Browsing by Subject "economic policy"

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  • Bank of Finland (2020)
    Bank of Finland. Bulletin 5/2020
    The global economic crisis caused by the coronavirus pandemic intensified in March 2020. The health crisis and the lockdown measures necessary to contain the epidemic led to an exceptionally sudden and sharp decline in output worldwide in the first half of the year. In 2020 as a whole, the global economy is expected to contract by about 4–6%, and the euro area economy by about 8–10%. The euro area economy would seem to be diving a little deeper this year than the United States, but the pace of recovery is very uncertain for both. China saw the most difficult phase of the epidemic and thus the sharpest economic contraction in the first quarter of 2020. China’s recovery has been facilitated by the production and export of remote work equipment and protective equipment for the coronavirus disease. The pandemic shock has had a dampening effect on inflation. Unemployment is on the rise, but the euro area has avoided sudden mass unemployment through furloughs and government aid.
  • Bank of Finland (2020)
    Bank of Finland. Bulletin 5/2020
    The worldwide economic crisis caused by the corona pandemic peaked in March 2020. In the early part of the year both output and consumption contracted suddenly and strongly; in other words, goods and services were both produced and consumed considerably less than before. The global economy is forecast to contract in the current year by around 4–6%, and the euro area economy by around 8–10%. Prior to the corona crisis, in 2019 the economy grew 2.9% globally, and 1.3% in the euro area. In the current year, the euro area economy would appear to be diving slightly deeper than the US economy, but the pace of recovery for both is very uncertain. Unemployment is growing, but in the euro area sudden mass unemployment has been avoided through the deployment of furloughs and various support measures.
  • Solanko, Laura (2020)
    BOFIT Policy Brief 1/2020
    This paper gives a concise overview of the economic difficulties and policy responses in Putin’s Russia from the late 1990s to present. The discussion concludes with thoughts on future challenges facing Russia.
  • Simola, Heli (2021)
    BOFIT Policy Brief 11/2021
    Russia’s economic growth slowed substantially over the past decade. To improve its long-term growth outlook, Russia must deal with structural problems. While the country has not lacked for ambitious development plans, the results of late have been rather thin. We discuss some of the key challenges facing the Russian economy and policy responses. Considering Russia’s recent economic policy in light of the economic literature and potential reasons for its successes and failures, we suggest the focus of the country’s current economic policy framework is too narrowly drawn to achieve a significant acceleration in long-term growth.
  • Bank of Finland (2017)
    Bank of Finland. Bulletin 1/2017
    The economic policy measures planned by the new US administration are geared towards fuelling growth. The form, magnitude and timing of the measures, nevertheless, are still undecided. Their potential effects are, therefore, not captured by the Bank of Finland’s baseline forecast for the global economy. The following alternative scenario explores the effects of one potential policy package on total output, the rate of inflation, interest rates and the external value of the US dollar. The broad infrastructure investments scheduled for the following decade, together with concurrent tax cuts for households and businesses, are key elements of the scenario. The assumption of the scenario is that the increase in public spending will be funded by levying taxes on imports and taking on additional debt.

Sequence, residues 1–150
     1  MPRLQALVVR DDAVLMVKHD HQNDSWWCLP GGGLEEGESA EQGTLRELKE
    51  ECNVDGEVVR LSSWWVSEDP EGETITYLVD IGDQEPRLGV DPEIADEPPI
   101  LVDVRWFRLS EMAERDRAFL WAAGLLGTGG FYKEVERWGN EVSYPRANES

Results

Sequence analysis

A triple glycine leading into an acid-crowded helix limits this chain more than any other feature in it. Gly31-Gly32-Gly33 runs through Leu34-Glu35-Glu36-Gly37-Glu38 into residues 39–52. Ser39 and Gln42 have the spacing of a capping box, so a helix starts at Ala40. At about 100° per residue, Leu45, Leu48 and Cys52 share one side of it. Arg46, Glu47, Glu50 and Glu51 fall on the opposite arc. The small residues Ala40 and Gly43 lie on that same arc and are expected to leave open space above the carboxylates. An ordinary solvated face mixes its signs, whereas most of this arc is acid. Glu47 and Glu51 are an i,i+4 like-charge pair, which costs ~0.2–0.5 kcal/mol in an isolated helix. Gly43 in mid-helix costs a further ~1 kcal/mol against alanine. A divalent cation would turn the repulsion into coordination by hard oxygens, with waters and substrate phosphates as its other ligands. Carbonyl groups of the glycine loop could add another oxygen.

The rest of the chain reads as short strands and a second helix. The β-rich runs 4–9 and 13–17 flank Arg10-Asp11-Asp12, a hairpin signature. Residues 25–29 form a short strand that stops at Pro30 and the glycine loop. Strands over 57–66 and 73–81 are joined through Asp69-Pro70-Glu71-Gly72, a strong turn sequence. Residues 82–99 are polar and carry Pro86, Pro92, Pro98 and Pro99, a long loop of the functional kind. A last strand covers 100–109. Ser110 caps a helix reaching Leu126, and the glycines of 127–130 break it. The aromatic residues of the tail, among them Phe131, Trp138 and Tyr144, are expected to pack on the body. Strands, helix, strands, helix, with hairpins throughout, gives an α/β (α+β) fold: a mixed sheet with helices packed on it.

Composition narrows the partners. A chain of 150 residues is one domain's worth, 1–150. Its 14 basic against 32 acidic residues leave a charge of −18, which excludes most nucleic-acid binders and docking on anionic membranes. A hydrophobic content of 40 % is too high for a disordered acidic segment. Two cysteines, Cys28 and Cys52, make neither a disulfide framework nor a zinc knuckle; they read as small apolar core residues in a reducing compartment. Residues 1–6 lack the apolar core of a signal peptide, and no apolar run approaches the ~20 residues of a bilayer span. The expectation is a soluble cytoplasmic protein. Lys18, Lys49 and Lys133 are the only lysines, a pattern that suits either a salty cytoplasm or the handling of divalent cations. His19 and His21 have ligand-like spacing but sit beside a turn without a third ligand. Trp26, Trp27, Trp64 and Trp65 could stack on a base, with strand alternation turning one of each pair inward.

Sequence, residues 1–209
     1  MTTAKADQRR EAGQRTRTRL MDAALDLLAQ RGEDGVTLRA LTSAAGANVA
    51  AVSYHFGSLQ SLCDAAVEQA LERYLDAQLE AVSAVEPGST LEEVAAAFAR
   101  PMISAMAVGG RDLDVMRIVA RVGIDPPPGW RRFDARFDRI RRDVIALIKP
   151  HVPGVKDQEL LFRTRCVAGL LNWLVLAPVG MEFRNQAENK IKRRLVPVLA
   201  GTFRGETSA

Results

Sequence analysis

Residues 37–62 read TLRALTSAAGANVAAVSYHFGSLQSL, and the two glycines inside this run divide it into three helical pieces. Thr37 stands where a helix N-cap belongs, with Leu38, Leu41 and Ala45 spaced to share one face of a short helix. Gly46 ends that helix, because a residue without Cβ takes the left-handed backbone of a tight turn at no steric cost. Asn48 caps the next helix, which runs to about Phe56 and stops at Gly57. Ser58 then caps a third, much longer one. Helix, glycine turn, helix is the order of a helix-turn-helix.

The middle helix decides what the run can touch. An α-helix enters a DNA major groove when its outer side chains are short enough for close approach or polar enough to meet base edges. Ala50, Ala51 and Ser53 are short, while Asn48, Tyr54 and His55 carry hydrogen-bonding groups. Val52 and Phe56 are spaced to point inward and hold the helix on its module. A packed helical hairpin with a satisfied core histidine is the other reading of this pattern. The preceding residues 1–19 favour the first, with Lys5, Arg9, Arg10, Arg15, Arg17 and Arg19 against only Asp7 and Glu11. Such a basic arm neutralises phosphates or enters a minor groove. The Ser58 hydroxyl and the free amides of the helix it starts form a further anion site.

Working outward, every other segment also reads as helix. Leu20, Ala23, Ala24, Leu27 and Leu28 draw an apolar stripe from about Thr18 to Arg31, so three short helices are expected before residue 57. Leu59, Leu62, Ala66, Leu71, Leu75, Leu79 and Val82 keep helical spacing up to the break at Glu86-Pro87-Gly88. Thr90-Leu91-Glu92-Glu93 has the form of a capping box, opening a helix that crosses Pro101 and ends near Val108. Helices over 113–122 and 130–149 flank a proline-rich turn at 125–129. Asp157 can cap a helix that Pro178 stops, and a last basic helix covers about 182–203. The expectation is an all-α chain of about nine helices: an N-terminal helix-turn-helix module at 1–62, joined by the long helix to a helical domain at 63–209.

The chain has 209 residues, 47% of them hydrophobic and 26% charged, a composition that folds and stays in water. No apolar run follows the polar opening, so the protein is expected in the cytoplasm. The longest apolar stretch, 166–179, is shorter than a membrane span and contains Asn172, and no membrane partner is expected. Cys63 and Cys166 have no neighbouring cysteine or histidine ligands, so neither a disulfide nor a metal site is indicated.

• Bank of Finland (2015)
    Bank of Finland. Bulletin 4/2015
    Structural reforms are playing an increasingly important role in the recovery of long-term outlook for growth. Globally, growth has been slow since the Great Recession. Reasons for this have been sought from both supply- and demand-side factors. At least some of the problems are structural and cannot be addressed with counter-cyclical stimulus policies.
  • Crowley, Patrick M.; Hughes Hallett, Andrew (2019)
    Bank of Finland Research Discussion Papers 23/2019
    Understanding the relationship between national income GDP components is an essential part of macroeconomics. This study investigates quarterly real GDP component data for the U.S. and the U.K. and applies continuous wavelet analysis on cross comparisons of the data, from both within and between the two datasets. The results show that the cyclical interactions between consumption and investment are the most complex and most substantial at several different frequencies. The relationship of exports with other macroeconomic variables has also developed over time, likely due to the evolution of an international business cycle.
  • Belabed, Christian Alexander; Theobald, Thomas (2020)
    BOFIT Policy Brief 8/2020
    The outlook for economic growth in China remains highly uncertain and dependent on factors such as domestic economic policy and recovery in external demand. We attempt to assess China’s short-term growth outlook with readily available monthly sectoral data of supply-side and demand-side indicators. We also discuss well-known issues surrounding Chinese data and potential pitfalls to medium-to-long-term growth. We conclude that China may well deliver a V-shaped recovery over the very short-term, while long-term growth is likely to be significantly lower than previously anticipated.